(Operator Instructions) Your first question comes from Grant Jordan - Wachovia.

Grant Jordan - Wachovia

Just as it relates to the merchandise you’re purchasing, what inflation have you seen in terms of the price that you’re paying and how that’s going to flow through at retail potentially?

Burton M. Tansky

Well, the inflation obviously from our European designers, the prices have continued to go up based on the dollar-Euro exchange differential on a year-to-year basis, and there’s very little we can do about that. There are certain other factors that are playing into the costs because we’re now being told that there is some inflation on fabrications and cost of labor. But mainly, I believe, the biggest issue is on the exchange rate. And as far as we’re concerned, it’s a pass-along.

Grant Jordan - Wachovia

Any estimate as to what percent you think it ends up being.

Burton M. Tansky

Unfortunately not, because we’ve only just begun, the fall has already been purchased, I don’t have that information, and we’re just starting to buy the spring goods now.

Grant Jordan - Wachovia

And then you’ve talked about you expect your inventory levels to be in good shape by the end of this fiscal year. So I assume that in your mind the fall purchases you’ve made reflect your expectations for consumer demand going into the fall.

Burton M. Tansky

Absolutely, they reflect that, and they reflect a conservative plan, which reflects what we believe the consumers’ action will be this fall.

Grant Jordan - Wachovia

Are there any categories that you’d call out as particularly weak or strong during the quarter?

Burton M. Tansky

Well, there are some categories that have done well. Accessories, our main floor accessory business has done well, better than most, including precious jewelry, designer jewelry, handbags. Our women’s shoe business has held up, men’s shoe business has been very good. Our beauty and cosmetic area has done well. And in the apparel, it’s been a mixed bag. Some of the designers have done well, others have not done nearly as well as we had expected.

And in our contemporary area, by categories, there’s been some very good business. As I said in my prepared comments, customers are very focused and they’re very deliberate in their buying, and they seem to know what’s good and what isn’t, and they’re buying thusly. And so we have some very good businesses and we have some that are not so good.

Operator

Your next question comes from Ann Viglione - Bain Capital.

Ann Viglione - Bain Capital

Could you talk a little bit about sales force productivity and any rationalization plans you have going forward, given the economic conditions?

James E. Skinner

Essentially all of our sales associates are 100% commission. So obviously that’s a variable cost with revenue, pretty directly. Bergdorf’s is a little different from that. But essentially if we look at the full company, our sales associates, what we’re doing, which is probably no different, was as you have turnover, you’re looking do you want to replace that person or not. No different than probably anybody else is doing in this timeframe.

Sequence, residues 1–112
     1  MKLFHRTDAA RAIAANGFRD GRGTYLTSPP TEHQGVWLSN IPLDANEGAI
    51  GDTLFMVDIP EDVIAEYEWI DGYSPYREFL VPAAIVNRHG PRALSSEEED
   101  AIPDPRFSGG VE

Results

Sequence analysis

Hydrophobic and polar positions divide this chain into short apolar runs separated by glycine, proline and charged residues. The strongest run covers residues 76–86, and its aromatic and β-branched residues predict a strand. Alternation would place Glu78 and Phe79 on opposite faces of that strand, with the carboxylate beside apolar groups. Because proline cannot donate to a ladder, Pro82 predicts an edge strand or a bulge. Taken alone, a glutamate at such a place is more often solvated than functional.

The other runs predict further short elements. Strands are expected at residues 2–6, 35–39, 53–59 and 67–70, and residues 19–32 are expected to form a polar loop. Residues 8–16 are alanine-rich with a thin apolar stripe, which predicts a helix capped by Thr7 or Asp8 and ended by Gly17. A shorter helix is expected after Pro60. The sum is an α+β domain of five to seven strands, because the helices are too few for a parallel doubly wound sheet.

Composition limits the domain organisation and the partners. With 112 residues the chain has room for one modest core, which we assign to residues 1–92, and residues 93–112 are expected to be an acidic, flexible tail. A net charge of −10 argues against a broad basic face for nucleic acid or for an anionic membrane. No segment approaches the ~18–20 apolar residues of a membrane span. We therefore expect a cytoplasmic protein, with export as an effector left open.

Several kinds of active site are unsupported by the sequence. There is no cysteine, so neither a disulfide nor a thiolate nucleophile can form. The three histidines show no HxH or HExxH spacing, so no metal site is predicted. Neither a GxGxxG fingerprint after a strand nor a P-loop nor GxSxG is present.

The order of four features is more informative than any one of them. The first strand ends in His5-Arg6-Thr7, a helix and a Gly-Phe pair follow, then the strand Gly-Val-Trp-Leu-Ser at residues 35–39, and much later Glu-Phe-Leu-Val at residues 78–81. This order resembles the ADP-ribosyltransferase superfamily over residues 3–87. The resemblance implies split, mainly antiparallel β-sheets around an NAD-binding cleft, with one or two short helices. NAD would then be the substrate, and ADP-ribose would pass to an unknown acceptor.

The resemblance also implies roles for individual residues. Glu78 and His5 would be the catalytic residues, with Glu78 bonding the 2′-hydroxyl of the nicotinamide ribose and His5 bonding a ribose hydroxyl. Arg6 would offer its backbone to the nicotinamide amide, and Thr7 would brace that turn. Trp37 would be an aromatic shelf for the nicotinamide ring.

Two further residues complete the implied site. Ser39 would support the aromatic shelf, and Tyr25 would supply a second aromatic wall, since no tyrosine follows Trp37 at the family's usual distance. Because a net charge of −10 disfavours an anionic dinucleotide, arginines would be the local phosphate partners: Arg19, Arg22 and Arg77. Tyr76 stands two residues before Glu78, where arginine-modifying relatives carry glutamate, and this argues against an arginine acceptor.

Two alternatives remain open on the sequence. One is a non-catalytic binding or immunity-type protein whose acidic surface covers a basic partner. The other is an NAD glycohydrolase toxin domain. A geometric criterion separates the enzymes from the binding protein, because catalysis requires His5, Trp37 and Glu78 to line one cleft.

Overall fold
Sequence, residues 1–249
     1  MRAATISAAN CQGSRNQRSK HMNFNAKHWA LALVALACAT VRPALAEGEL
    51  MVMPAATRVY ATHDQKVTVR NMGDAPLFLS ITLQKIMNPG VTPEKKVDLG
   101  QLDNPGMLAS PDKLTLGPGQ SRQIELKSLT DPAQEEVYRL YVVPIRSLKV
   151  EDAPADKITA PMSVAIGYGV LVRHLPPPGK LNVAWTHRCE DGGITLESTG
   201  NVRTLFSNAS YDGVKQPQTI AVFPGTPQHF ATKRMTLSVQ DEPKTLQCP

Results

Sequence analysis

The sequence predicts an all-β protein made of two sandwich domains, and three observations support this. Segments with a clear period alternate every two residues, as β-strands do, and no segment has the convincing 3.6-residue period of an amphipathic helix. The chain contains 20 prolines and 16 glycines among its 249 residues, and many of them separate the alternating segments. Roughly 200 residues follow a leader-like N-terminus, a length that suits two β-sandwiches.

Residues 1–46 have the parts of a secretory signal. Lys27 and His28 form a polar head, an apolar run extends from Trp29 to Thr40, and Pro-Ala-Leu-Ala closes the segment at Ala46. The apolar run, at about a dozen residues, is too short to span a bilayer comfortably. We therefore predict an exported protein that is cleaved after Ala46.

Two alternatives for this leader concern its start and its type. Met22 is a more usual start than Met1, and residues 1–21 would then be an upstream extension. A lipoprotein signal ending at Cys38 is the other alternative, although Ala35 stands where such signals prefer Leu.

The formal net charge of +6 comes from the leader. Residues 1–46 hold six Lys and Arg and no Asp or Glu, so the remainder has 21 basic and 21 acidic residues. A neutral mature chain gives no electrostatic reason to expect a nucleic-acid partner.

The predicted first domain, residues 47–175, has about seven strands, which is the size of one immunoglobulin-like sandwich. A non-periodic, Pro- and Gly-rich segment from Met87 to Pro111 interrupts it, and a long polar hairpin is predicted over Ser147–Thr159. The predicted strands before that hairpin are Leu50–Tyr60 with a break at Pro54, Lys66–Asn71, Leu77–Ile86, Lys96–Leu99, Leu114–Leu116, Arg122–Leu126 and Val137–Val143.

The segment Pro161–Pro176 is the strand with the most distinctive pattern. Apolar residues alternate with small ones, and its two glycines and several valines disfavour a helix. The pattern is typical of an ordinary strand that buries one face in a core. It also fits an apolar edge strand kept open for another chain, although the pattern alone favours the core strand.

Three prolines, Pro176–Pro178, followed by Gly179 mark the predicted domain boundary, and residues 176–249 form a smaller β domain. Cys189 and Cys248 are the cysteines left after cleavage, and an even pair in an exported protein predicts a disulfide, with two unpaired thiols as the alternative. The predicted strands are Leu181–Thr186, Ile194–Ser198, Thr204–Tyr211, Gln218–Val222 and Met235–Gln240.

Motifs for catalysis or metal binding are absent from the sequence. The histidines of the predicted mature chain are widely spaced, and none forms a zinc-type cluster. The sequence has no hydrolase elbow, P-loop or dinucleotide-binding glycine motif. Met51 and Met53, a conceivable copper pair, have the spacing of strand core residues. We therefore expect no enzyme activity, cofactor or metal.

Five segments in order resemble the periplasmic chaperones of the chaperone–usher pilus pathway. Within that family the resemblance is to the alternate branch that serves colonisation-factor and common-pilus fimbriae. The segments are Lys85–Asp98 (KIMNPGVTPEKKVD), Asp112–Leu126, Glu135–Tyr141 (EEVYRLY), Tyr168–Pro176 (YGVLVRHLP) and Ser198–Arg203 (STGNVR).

Again it doesn’t really cost us that. The thing you’re trying to balance in our business is, you want to get good coverage, but you also want to make sure that your sales associates that are here are being helped, that we’re providing for them a good economic base of earnings. So that’s what you do. That’s how you look at it is there’s enough turnover that you adjust that level to the level that meets those two criteria.

Operator

Your next question comes from [Ryan Blume] – The Hartford Group.

[Ryan Blume] – The Hartford Group

On the productivity issue in a different manner, you’ve once alluded to the gross margin issue and looking at the peak-to-trough margins with respect to productivity, and I just wanted to know, do you feel that, normalized for some of these items that you’re discounting, that that thesis is still holding relative to your historical performance? Were you able to offset the margin issues with productivity gains? I know you shored out a sales per square foot metric in the 10-Q, but I just want to get a sense from a historical perspective.

James E. Skinner

Obviously, the factors that go into your, if you’re looking at margins, you can decide where you want to look at. Sales, if you look at sales productivity, its customer demand and new stores. New stores seem to be a drag on your productivity, because obviously those are lower productivity shops so sales per square foot is important. As you open more stores, that will tend to drop, comp will drive it up, which is why we’re very focused on productivity.

If you’re looking at margin, the main drivers are going to be your full priced sales to off priced sales. The biggest driver in that is what you have to do to clear goods. If every year we buy goods, we clear goods. So the proportion of off price to full price is what’s the main driver of that.